It’s Been Awhile…

13 Aug

Dear Friends,

It’s been awhile. Now I know why serious bloggers do this for a living. At the end of the day, sometimes it’s just too hard, too tiring to think about writing down what happened. Hence, why you haven’t heard any of the exciting things we’ve been doing recently. Well, I am here to try and fix that. Sit back and enjoy the paper-making ride.

In the past few two weeks, we have been taking the paper-making world by storm. By that I mean, we have made a lot of paper. High on the cool factor list – denim paper. The process happened like all the rest. Denim was cut, soaked, and put into the beater. The pulp came out an incredibly radiant and a beautiful blue.

Besides the denim, we finally pulled the cattail paper which made gorgeous, thin paper.

Incredible, right? It feels so light and the transparency is a delight. But the most amazing part is the strength of the paper. It seems so delicate in the drying process, yet, when all the water is finally squeezed out- the strength is astronomical.

Other favorite moments of mine recently:

-dyed cattail paper.

-friends in the studio (shout-out to J. Buckwalter and family!). They definitely brought a fun energy to the studio!

-learning the Eastern method of pulling paper. Let me just say, it revolutionized the way I pull paper. Repeatedly last week, I told Jillian that I wouldn’t go back to the Western method. I stand by that proclamation. In trying to figure out a way to explain the difference between Western and Eastern, I figured that an expert could do it better than I could. Here go.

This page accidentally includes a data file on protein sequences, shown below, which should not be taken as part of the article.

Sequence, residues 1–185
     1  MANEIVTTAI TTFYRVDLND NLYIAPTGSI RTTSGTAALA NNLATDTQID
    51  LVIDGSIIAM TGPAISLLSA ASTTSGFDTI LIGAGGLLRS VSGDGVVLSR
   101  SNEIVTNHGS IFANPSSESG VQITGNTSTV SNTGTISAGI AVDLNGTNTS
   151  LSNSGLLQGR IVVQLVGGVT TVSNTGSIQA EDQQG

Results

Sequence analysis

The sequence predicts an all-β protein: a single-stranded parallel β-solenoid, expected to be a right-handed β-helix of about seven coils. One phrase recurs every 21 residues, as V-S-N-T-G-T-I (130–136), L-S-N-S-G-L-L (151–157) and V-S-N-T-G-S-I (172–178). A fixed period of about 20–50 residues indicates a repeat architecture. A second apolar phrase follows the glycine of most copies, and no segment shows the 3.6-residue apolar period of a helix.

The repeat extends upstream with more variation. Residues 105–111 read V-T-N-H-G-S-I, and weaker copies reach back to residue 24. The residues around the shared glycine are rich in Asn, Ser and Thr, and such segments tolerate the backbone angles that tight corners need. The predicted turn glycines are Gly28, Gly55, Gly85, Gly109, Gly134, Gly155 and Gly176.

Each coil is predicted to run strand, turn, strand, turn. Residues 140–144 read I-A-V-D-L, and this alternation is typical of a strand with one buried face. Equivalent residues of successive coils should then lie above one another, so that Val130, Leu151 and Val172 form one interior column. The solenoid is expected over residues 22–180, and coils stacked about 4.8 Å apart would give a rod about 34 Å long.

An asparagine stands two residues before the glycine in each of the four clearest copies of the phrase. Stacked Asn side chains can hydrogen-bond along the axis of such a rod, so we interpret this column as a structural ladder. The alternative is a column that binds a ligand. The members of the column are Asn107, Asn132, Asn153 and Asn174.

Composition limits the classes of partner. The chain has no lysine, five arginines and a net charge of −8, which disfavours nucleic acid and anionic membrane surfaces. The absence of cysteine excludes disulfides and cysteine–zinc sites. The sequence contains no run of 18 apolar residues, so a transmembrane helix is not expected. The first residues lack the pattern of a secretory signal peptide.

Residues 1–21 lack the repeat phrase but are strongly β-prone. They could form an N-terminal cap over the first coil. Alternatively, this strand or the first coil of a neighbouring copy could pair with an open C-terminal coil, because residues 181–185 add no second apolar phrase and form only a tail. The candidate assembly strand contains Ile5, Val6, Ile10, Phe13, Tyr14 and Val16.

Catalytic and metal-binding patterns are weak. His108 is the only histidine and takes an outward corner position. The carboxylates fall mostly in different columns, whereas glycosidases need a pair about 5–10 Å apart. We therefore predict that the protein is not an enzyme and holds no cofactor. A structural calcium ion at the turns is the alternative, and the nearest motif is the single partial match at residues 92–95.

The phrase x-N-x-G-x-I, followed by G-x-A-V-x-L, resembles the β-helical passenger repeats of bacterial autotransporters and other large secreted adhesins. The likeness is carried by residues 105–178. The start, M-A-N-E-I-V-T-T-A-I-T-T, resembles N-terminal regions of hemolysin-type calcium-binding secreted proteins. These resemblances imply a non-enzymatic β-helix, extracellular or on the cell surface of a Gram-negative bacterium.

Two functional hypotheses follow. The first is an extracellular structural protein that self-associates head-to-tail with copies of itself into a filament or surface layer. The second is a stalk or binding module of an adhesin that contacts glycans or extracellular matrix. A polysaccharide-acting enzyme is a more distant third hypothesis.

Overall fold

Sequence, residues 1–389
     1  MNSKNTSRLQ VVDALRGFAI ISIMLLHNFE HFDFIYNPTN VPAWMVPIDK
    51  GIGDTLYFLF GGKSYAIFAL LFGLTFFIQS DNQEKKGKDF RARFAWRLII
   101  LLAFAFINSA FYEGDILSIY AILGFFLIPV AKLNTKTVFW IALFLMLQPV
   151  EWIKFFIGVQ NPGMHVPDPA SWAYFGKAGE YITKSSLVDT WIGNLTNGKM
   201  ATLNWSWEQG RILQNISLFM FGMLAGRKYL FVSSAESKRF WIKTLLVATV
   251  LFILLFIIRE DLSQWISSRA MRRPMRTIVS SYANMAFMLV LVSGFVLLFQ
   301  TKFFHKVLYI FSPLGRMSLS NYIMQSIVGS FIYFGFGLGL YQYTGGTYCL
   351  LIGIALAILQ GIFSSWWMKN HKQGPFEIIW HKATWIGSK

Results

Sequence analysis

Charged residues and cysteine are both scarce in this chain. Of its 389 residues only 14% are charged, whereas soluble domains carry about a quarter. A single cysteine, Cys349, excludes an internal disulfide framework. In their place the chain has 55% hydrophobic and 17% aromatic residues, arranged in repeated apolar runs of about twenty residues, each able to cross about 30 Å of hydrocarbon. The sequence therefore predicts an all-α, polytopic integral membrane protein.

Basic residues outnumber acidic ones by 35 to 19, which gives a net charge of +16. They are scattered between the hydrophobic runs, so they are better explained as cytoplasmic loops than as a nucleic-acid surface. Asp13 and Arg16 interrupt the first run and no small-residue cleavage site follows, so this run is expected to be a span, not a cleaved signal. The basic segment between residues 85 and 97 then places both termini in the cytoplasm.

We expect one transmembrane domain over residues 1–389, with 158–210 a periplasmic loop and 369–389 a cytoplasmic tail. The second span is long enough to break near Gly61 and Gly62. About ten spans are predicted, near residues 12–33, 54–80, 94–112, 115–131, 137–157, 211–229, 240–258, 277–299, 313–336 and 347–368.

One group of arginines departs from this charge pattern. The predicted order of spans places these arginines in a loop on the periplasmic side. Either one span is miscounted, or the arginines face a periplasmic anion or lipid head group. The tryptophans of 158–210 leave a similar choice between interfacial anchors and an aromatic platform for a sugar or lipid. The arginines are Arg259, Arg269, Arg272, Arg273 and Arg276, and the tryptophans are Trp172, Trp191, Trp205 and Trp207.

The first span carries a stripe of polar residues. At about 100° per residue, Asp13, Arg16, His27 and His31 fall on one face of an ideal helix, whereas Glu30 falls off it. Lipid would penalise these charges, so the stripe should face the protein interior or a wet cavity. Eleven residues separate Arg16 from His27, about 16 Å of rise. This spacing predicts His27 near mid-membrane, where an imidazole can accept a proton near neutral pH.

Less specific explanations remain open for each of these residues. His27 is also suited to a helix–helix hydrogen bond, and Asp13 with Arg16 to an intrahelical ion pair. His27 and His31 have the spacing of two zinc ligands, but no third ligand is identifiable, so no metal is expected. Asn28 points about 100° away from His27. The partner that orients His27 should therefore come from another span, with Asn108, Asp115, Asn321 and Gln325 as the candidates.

“Inside the sukibune are two narrow boards or ottori that are used to rest or support the keta (papermaking mould) when opening it to remove or insert the su (flexible screen). The major difference between a Japanese style mould and a Western mould is that the Western mould has a removable deckle and a rigid surface screen attached to the mould. The Japanese mould is hinged together with the deckle and the screen is a flexible removable surface” (http://www.awagami.com/basics.html#process).

Now, a picture to explain what that just meant!

After the sheet is formed, it’s necessary to pull the su off of the pulp…like so:

I wish I could put into words why this method resonates with me so much. A lot of it has to do with the way the su feels and moves- it is fluid and natural. I love it.

So, there’s a bit of what we’ve been doing. Thanks for taking the time to read and as always, come visit us in the studio!

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